Managing corporate brands by internet file sharing

March 30, 2010

A nice, light snack?

Simon Houpt and The Globe and Mail: Kit Kat spat goes viral despite Nestlé’s efforts.

A global game of Whack-a-Mole broke out Wednesday on the Internet when YouTube removed a gruesome anti-Nestlé commercial by Greenpeace after the multinational food giant complained, only to have viewers flock to the video-sharing site Vimeo.com, where the spot became an instant cause célèbre because of the reputed censorship.

The 60-second video depicts a bored office worker enjoying a Kit Kat, which rather than being the popular chocolate-hazelnut ladyfinger-style confection, appears to be a chocolate-covered ape finger. As he munches on the treat, it oozes blood over his chin and across his keyboard, shocking his co-workers. “Have a break?” reads the on-screen text. “Give the orangu-tan a break.”

1. Direct link to vimeo video (including comments).

2. Related Vancouver Sun article, Coffee Crisp, Kit Kat pose threat to rainforests: Greenpeace.

Franchisors have no idea what is in store for them.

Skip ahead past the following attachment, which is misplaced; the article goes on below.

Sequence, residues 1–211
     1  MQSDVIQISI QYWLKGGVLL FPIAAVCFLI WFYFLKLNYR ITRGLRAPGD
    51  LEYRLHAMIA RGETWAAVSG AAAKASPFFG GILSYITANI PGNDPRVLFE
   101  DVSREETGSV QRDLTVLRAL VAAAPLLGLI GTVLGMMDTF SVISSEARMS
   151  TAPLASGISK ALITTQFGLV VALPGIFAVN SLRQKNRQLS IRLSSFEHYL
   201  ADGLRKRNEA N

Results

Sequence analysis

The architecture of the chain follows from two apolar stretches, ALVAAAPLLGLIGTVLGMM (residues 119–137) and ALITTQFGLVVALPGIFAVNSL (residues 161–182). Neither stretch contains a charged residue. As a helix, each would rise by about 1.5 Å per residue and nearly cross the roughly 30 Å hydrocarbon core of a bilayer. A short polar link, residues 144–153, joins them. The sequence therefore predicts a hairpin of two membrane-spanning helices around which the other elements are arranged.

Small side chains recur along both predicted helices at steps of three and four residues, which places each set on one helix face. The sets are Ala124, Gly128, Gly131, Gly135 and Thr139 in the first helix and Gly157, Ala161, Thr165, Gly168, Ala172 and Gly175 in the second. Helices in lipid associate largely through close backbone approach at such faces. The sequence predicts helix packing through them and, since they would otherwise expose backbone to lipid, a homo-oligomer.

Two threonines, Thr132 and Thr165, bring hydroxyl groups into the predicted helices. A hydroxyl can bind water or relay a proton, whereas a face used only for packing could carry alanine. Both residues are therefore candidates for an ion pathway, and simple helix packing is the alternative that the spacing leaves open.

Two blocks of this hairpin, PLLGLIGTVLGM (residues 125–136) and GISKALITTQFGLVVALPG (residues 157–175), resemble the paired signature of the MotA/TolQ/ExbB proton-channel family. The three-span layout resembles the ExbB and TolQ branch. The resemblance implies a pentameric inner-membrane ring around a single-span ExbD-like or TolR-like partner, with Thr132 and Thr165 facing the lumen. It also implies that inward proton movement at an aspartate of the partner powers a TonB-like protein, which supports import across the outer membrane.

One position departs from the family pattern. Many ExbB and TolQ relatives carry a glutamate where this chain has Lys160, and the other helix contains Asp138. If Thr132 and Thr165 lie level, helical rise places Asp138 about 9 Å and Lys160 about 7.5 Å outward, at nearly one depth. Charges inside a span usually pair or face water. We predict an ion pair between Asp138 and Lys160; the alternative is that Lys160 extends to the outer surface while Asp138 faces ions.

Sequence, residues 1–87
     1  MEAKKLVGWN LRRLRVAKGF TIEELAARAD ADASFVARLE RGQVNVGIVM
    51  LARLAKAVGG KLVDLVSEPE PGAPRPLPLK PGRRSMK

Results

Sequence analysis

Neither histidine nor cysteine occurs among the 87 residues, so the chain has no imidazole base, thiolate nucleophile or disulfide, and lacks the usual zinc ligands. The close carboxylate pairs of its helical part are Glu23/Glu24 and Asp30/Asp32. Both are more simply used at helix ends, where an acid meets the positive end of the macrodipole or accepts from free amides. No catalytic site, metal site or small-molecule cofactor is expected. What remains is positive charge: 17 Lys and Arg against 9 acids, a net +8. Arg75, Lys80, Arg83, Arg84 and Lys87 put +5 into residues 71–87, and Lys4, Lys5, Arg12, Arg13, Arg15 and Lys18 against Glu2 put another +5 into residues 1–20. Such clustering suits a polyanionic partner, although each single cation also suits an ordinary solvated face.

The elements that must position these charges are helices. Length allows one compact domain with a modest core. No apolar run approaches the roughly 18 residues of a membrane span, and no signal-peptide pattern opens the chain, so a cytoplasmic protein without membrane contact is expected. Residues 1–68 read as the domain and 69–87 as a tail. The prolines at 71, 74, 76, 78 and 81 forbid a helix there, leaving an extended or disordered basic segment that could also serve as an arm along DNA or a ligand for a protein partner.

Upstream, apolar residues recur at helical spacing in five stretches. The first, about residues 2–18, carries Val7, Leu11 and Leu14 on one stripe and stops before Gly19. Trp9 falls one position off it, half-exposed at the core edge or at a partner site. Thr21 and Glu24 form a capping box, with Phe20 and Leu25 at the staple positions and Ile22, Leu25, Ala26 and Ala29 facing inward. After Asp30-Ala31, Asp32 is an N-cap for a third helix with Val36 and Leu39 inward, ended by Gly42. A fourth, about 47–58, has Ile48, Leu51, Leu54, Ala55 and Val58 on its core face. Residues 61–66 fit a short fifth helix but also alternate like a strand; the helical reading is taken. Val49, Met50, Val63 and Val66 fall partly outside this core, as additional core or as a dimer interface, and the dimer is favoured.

No clue.


Trade Show activism: Counterspin the Lies on their Selling Field

February 11, 2009

franchiseshowThis ad appeared in today’s Toronto Star.

Just a few points:

1. Contrary to the heading, you do not “buy” a franchise. You sink cash into this type of business opportunity and hope to achieve a salary and ROI over the life of your license of using the trademark using a promised “proven system”.

2. Small business is always a lot harder than you’d ever think. It takes years to develop the technical, management and decision making skills to be a success. Often the cash burn rate in franchising is so great that you never get to see profitable times: You simply flame out too early.

3. Your first contact with a trademark franchise system should never be at  a trade show. You are at a very big disadvantage at a trade show: they control the atmosphere, appear much more successful than they actually are and give the false sense of being in a group of profitable businesses.